Learning Resources Emoji Cubes for social emotional learning

Let’s Talk Cubes

Get the conversation started with Let’s Talk Cubes. These large foam, child-friendly dice feature a conversation prompt with every roll and are aimed at children aged five and up. Playing with them is a fun, engaging way get your child talking, sharing, and learning. They also help your child develop language skills along the way. The cubes are colour-coded to make it easy to find the icebreakers and conversation prompts you’re looking for. Plus, they’re easy to roll and made from soft foam for quiet play.

Learning Resources Let's Talk Cubes for social emotional learning

All About Me Family Counters

From a young age, children begin to understand their place in the world through learning about their families. This set comes with grownups and kids, and lets children identify family members and develop their own personal identity. It’s also a fun set to teach colours, sorting, and matching. It even comes with a cute family cat! Check out the All About Me Sorting Neighbourhood Set that includes houses and a family dog.

Learning Resources All About Me Family Counters for Social Emotional Learning

See My Feelings Mirror

Kids have so many feelings! Learning to identify feelings in themselves and others is an important part of your child’s social emotional development. See My Feelings Mirror helps children do just that. The child-safe mirror comes with six slide-in photos of real children expressing real emotions: happiness, sadness, surprise, fear, silliness, and anger, and features a corresponding emoji. The Activity Guide includes four activities to help you get started.

Learning Resources See My Feelings Mirror for Social Emotional Learning

Good Job Reward Chart

Help your child set goals and feel a sense of accomplishment when they’re completed goal using the Good Job Reward Chart. Establishing this behaviour sets them up for success at school and beyond. The chart is customisable and allows you to select the tasks you’d like your child to focus on. Alternatively, you could sit down with your child and discuss the goals they would like to set for themselves. This will help your child become independent and in control of their learning. Track their performance with motivational tiles and store small toys and treats inside the reward box for when a goal is reached. This set also includes tiles perfect for positive reinforcement including ‘You were a good listener!’ and ‘You used good manners!’.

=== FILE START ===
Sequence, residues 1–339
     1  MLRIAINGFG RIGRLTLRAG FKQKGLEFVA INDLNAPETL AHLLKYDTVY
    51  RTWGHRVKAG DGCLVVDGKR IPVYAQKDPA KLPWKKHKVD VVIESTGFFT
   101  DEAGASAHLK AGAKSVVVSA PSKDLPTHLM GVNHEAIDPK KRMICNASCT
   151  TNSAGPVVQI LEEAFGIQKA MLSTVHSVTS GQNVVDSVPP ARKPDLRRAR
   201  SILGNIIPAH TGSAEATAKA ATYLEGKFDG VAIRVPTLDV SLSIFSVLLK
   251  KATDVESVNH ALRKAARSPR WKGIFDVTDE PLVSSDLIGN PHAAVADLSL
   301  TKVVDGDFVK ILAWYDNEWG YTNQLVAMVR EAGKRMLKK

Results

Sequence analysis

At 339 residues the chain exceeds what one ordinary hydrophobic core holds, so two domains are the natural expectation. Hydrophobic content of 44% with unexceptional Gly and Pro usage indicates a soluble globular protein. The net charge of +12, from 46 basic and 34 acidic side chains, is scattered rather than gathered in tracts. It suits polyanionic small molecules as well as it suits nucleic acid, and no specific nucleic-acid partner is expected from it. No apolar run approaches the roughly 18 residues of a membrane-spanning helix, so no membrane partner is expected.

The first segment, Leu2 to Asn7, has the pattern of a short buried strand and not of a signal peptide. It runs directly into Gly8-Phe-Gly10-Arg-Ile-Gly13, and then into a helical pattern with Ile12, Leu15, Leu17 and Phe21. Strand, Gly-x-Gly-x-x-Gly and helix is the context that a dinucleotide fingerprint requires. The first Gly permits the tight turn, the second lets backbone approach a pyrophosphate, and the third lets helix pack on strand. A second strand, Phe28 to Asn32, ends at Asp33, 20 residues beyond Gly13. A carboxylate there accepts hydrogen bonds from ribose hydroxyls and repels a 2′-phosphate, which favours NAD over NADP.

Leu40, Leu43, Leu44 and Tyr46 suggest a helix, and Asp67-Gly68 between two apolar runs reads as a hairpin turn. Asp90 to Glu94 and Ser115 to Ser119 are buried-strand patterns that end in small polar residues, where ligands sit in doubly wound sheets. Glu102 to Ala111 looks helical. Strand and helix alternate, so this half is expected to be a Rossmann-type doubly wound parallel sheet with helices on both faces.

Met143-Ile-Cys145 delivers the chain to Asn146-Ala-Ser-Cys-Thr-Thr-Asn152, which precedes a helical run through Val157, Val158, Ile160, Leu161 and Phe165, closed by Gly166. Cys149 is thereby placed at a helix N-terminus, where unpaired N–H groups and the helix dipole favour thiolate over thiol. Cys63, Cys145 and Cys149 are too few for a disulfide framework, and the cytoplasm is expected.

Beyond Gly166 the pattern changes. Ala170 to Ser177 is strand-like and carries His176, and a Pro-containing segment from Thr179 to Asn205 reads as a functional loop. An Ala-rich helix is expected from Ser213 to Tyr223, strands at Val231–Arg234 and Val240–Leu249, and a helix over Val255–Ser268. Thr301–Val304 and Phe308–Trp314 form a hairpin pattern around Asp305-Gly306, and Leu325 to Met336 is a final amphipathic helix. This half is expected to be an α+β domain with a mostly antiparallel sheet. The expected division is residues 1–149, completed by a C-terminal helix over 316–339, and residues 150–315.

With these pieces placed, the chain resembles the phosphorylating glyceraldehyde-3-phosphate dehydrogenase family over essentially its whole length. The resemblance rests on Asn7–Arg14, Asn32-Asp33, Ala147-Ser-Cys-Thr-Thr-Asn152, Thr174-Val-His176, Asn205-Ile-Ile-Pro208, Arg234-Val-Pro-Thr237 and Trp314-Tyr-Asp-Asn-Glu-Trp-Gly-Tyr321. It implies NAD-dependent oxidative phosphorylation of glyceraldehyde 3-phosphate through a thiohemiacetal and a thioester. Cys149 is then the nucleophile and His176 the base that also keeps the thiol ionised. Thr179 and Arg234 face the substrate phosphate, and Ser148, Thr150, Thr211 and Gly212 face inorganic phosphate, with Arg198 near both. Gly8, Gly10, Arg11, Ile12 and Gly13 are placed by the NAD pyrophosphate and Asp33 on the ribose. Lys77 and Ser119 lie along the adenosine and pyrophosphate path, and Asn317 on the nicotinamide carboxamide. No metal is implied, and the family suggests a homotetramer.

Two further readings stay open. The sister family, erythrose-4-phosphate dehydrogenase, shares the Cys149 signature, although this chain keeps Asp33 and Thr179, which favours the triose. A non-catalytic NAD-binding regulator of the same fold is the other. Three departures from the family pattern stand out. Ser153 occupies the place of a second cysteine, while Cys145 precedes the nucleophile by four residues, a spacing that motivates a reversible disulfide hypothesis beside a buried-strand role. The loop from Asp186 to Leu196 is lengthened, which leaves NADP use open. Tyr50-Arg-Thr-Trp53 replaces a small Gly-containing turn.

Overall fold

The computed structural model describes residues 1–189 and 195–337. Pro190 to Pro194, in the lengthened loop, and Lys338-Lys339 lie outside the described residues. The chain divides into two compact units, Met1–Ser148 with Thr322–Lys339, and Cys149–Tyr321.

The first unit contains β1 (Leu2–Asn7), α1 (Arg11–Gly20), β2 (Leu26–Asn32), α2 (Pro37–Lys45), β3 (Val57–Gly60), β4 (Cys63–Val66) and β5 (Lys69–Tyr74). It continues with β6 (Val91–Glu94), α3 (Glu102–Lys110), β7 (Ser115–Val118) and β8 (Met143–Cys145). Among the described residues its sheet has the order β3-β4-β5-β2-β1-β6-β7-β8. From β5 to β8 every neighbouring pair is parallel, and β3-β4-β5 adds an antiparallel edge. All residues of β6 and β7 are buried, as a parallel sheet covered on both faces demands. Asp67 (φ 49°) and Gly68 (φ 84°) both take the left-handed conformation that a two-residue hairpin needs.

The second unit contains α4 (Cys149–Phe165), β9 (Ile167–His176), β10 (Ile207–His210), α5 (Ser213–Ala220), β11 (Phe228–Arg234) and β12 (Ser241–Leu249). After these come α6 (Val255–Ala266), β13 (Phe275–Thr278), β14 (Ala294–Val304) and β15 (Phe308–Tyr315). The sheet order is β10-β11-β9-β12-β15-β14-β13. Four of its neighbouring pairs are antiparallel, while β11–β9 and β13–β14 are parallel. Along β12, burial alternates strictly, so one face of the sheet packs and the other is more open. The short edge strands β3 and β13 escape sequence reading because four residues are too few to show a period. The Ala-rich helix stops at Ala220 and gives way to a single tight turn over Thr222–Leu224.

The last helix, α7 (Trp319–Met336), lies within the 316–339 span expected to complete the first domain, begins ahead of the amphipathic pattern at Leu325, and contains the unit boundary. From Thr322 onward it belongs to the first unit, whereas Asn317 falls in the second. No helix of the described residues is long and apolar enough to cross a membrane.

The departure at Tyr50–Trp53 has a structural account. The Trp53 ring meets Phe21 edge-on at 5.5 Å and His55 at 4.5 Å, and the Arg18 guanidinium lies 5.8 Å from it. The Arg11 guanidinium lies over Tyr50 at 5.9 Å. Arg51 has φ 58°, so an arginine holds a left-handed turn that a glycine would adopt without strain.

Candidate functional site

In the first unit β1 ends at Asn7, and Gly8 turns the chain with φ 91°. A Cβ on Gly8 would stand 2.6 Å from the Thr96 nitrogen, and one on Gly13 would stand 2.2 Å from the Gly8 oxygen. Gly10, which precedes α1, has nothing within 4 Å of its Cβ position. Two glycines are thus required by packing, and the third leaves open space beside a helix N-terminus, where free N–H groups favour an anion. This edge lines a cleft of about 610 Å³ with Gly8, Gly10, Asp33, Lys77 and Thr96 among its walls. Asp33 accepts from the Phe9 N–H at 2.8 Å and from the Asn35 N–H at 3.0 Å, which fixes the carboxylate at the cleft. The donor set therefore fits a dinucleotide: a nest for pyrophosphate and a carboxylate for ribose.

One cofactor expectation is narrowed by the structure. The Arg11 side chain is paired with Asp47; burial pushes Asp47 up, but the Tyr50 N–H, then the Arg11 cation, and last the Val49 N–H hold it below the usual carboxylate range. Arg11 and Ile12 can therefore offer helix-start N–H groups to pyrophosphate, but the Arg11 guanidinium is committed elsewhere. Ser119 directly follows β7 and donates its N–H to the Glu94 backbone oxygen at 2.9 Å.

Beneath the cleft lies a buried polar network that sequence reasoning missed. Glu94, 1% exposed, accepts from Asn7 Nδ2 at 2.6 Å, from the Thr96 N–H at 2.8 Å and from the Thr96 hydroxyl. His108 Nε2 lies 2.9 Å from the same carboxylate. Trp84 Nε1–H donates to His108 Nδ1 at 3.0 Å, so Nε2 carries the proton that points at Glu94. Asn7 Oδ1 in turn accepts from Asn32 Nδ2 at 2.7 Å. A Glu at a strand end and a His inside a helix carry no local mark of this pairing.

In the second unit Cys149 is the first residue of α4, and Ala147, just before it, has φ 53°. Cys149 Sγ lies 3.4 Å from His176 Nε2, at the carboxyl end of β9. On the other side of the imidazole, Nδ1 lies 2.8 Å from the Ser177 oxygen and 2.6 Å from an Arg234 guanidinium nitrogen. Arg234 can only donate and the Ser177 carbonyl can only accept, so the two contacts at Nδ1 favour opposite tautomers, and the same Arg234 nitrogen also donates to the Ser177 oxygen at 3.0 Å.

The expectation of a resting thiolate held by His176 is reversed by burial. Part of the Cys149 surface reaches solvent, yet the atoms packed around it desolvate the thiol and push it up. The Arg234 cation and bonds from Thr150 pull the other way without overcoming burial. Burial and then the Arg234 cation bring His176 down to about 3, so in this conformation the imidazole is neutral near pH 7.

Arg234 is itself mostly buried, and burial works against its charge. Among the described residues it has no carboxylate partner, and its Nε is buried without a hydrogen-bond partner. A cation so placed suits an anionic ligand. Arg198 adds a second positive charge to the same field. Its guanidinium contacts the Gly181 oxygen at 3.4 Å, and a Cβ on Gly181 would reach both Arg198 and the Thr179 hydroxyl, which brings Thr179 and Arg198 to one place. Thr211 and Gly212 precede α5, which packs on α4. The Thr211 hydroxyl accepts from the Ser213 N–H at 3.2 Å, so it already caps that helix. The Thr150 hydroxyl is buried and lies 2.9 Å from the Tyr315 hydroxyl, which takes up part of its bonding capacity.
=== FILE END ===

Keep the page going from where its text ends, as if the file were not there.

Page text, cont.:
Learning Resources Good Job Reward Chart for social emotional learning at home

Time Tracker Mini

Some children struggle with transitioning from one activity to another, especially if the transition involves an abrupt ending such as the end of a TV show before bedtime. Having a visual cue such as a timer can help children prepare to move from one activity to another. Our Time Tracker Mini is ideal for use at home and you can set a timer for five minutes to up to two hours. It’s easy to use – simply set it and go.

Learning Resources Time Tracker Mini for social emotional learning at home

Sensory Fidget Toy Kit

This sensory kit includes everything your little ones could ever need to help calm their bodies and minds. Keep little hands busy to reduce anxiety during independent play. These toys will also help to develop fine motor skills during play in the home or classroom.

Social emotional learning through games

Playing games is an important part of a child’s social emotional learning. Through playing one-on-one with a parent or sibling, or in a larger group setting, children practise valuable skills including taking turns, interpersonal skills, fairness, and how to lose gracefully. Read more here about 10 family games for the whole family to enjoy, with options for children as young as two.

More SEL at home ideas and resources:

  • Print and cut out your own Responsibility Chart with this free printable. It’s ideal to stick up in a visible area, and use it to prompt good behaviour through positive enforcement and goal-setting.
  • Help your child learn to identify expressions with this Look at Me printable sheet featuring pages for your child to draw expressions, and pictures of real children showing real emotions.
  • This Emoji Cubes Printable is a fun activity sheet to identify emotions words with pictures of emojis.
  • Download your free Emotions Snowman printable from Red Ted Art. This printable colouring sheet is an ideal way to allow for mindfulness time and offers children the opportunity to discuss and express feelings.

Follow the hashtag #socialemotionallearning on Instagram